Psoriasis Health Promotion Activity Plan
Psoriasis is a skin condition that causes scaling and inflammation (pain, swelling, heat, and redness). Psoriasis can appear as patches of thick, red skin with silvery scales. These patches can itch or become painful. They are often found on the elbows, knees, other parts of the legs, scalp, lower back, face, palms, and soles of the feet. But they can show up other places such as fingernails, toenails, genitals, and inside the mouth.
Although psoriasis can occur for anyone, it typically occurs more often in adults. In many cases, there is a family history of psoriasis. Certain genes have been linked to the disease. Men and women can develop psoriasis at about the same rate.
Psoriasis begins in the immune system, mainly with the cells that help protect the body against infection and disease. With psoriasis, these cells become so active that they set off other immune responses. This leads to swelling and fast turnover of skin cells. People with psoriasis may notice that sometimes the skin improves and then gets worse. There are triggers which can cause the skin to get worse. These include: infections, stress, changes in weather that dry the skin, and certain medicines.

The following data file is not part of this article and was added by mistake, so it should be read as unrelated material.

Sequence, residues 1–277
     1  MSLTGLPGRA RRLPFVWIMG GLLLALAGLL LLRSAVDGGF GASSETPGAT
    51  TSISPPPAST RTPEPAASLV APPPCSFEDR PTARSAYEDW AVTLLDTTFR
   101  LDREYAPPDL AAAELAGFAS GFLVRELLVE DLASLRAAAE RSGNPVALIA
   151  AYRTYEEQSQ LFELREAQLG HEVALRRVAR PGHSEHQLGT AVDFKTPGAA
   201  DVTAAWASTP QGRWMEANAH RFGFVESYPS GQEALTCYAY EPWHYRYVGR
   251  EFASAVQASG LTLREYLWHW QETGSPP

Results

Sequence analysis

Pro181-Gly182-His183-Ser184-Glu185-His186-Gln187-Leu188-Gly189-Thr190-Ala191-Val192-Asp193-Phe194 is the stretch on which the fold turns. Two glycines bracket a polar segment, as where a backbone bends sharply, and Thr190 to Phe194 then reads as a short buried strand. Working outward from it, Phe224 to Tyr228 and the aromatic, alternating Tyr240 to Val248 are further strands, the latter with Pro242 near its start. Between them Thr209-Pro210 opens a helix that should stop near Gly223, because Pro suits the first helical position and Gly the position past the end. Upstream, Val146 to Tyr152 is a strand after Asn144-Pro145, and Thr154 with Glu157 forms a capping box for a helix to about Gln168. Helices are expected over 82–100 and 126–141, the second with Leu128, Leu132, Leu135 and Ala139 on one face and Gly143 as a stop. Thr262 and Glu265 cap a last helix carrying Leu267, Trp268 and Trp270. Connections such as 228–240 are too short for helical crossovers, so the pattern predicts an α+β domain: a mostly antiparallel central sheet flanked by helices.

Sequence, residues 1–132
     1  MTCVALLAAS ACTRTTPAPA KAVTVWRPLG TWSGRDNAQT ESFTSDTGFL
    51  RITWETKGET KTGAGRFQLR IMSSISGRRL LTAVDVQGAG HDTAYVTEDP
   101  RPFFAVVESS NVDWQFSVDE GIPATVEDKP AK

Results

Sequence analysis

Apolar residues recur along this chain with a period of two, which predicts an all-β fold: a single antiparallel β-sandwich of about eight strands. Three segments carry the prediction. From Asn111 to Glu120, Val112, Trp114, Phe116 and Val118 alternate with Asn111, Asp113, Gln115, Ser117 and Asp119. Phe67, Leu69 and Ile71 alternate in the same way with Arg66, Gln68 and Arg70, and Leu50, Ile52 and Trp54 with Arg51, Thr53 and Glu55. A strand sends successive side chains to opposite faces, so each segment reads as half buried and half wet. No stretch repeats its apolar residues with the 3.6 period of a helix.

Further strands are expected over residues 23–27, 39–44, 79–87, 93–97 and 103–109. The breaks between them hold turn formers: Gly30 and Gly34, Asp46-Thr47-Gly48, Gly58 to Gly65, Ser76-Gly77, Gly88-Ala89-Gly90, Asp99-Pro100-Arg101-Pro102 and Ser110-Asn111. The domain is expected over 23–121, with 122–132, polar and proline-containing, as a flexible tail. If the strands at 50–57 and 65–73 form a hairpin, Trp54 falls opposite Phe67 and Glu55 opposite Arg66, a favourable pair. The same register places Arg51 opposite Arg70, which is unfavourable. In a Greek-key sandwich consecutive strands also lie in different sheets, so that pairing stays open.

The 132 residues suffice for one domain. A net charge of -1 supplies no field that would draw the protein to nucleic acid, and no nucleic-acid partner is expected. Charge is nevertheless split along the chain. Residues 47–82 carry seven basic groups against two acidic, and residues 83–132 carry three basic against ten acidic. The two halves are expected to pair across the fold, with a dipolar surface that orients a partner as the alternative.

Psoriasis may be difficult to diagnose because it can look like other skin conditions. The health care provider may need to look at a small skin sample under a microscope.
For more information please visit https://report.nih.gov/nihfactsheets/ViewFactSheet.aspx?csid=61
For a PCHC Health Promotion Activity Plan (HPAP) for psoriasis, click here: